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No. 209: Save Lives, End DST

⁂ Nashville's Alt-Daily ⁂ Banned · Sutler · DST · Circadian · Marble Quarry · Cattle on the Farm · Much More!

Good morning, everyone.

Well, I took some advice and turned on some banned content just to feel alive last night. The forbidden media was Ukraine On Fire. Netflix took it off their platform last week in a fit of anti-Russian fever, and it's easy to see why. The documentary lays threadbare the 30-year history of American involvement in the nation following the collapse of the USSR up to 2017 following the Ukrainian Revolution and the annexation of Crimea. But most crucially, it details the methods employed by US leaders to foment unrest in foreign nations and parlay it into a power transfer — otherwise known as a Color Revolution — tactics that might look familiar to those of us who watched the Summer Race Riots of 2020.

Netflix probably removed the documentary because it takes a more nuanced approach to the Russia-Ukraine conflict, airing Putin's concerns over NATO expansion and even drawing up a nice map to show viewers that Cuba is further away from Washington D.C. than Crimea is from Moscow. The understanding here is that the US would not tolerate oppositional weaponry in Cuba just as Moscow wouldn't tolerate it in Crimea, hence the annexation.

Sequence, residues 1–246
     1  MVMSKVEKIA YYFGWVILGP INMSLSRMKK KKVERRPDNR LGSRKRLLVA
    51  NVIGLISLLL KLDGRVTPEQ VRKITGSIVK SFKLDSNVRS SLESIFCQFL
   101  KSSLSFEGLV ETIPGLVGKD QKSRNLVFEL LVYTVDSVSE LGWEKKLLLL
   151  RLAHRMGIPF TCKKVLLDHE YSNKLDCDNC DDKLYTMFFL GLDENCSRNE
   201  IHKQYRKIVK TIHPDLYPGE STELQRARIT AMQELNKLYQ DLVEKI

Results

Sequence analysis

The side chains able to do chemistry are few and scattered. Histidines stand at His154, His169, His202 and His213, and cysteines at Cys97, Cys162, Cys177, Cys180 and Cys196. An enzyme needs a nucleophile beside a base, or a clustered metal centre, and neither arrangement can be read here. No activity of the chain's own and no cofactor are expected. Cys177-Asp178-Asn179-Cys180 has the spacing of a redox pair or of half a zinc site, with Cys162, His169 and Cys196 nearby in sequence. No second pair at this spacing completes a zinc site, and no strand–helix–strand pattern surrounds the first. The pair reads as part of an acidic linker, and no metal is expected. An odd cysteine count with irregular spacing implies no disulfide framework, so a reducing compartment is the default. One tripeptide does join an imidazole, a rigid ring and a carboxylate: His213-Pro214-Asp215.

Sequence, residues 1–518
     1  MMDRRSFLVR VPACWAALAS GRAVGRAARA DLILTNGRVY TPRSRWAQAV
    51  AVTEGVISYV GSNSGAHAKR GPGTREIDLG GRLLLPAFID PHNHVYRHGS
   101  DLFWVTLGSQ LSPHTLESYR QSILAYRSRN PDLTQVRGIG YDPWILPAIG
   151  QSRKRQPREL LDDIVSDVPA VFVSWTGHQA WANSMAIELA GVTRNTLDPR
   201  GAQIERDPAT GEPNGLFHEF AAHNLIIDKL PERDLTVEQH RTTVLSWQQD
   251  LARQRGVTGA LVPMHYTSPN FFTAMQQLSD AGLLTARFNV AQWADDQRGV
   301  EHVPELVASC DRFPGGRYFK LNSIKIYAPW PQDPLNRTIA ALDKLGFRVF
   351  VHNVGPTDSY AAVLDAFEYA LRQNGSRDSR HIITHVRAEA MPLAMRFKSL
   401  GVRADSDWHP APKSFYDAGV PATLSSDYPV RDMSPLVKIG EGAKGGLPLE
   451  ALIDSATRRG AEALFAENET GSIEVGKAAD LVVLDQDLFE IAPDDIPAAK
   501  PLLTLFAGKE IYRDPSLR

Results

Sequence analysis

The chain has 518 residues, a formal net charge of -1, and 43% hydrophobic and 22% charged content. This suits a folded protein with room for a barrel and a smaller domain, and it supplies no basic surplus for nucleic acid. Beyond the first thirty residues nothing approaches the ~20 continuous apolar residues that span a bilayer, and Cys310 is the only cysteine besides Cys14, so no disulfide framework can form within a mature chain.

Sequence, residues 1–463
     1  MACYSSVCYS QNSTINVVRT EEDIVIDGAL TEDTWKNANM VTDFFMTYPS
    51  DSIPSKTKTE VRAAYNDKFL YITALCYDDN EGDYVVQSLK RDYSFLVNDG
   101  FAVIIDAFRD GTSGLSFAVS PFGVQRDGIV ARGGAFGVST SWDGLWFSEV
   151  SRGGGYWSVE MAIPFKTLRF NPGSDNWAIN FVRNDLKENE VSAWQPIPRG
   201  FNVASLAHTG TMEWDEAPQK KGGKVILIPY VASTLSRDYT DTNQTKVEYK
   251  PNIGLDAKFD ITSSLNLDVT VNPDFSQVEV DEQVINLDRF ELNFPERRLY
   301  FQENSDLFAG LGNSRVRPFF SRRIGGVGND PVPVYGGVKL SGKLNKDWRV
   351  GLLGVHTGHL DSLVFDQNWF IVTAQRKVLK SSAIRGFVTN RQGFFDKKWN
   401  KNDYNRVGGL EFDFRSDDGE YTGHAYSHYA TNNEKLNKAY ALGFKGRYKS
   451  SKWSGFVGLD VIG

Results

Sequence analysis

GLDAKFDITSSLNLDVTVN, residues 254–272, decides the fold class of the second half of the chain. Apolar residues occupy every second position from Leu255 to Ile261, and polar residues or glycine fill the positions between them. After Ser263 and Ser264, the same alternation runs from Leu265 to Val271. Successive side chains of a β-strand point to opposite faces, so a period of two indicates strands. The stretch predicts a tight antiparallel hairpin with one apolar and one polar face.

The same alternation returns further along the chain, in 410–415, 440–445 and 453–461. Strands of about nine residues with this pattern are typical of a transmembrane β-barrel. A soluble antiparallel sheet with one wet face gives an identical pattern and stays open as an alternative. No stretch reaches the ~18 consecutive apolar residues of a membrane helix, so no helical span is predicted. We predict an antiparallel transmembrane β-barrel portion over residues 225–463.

Additionally, the documentary shows how complicit the USA has been in the conflict that has roiled the nation since 2014, lying about popular support in Crimea for incorporation into Russia and downplaying the aggressive war against ethnic Russians by Ukrainian ultra-nationalists in the Donbas — the region that Putin declared sovereign before launching his invasion just over two weeks ago. Ultimately, Russia took the NATO bait when they chose to invade Ukraine, and that's on them.

There's probably more to say about all this, but ultimately, what was true in 2017, is true now: any attempt to understand or rationalize Russia's position is met summarily with accusations of running an optics campaign for Putin. This is a boring way to respond to someone over something that very few of us have real skin in the game over, but such is life in the televisual, political world of the USA in 2022. Maybe it's always been this way. It's possible Americans without security clearances simply aren't designed to engage with world affairs from halfway across the world. Maybe no one is.

A sign of the true menace Putin has become is seen in his rapid refashioning as the modern-day Hitler — Putler. What does it say about our world that instead of representing Putin as the personification of evil — a red Satan with horns and a trident — we represent him as another evil man?

Imagine, for a second, a cartoon of Putin riding a pterodactyl over an apocalyptic, bombed-out Ukraine, glowing like an ember fresh out of the fire — chasms erupting with flames and brimstone falling from the sky — spewing oil from his nose and gas from his ears, his face red with passion — indicating his particular satan-ness — with horns breaking through his tuft of grey hair as he smirks at the destruction below him. The Hitler memes feel manufactured and, frankly, uninspiring. The plasticity of it all makes me question the whole affair. Hell, some people — the same people calling Putin Hitler, most likely — spent four years calling Trump Hitler and that turned out to be complete BS. Boy cried wolf, etc.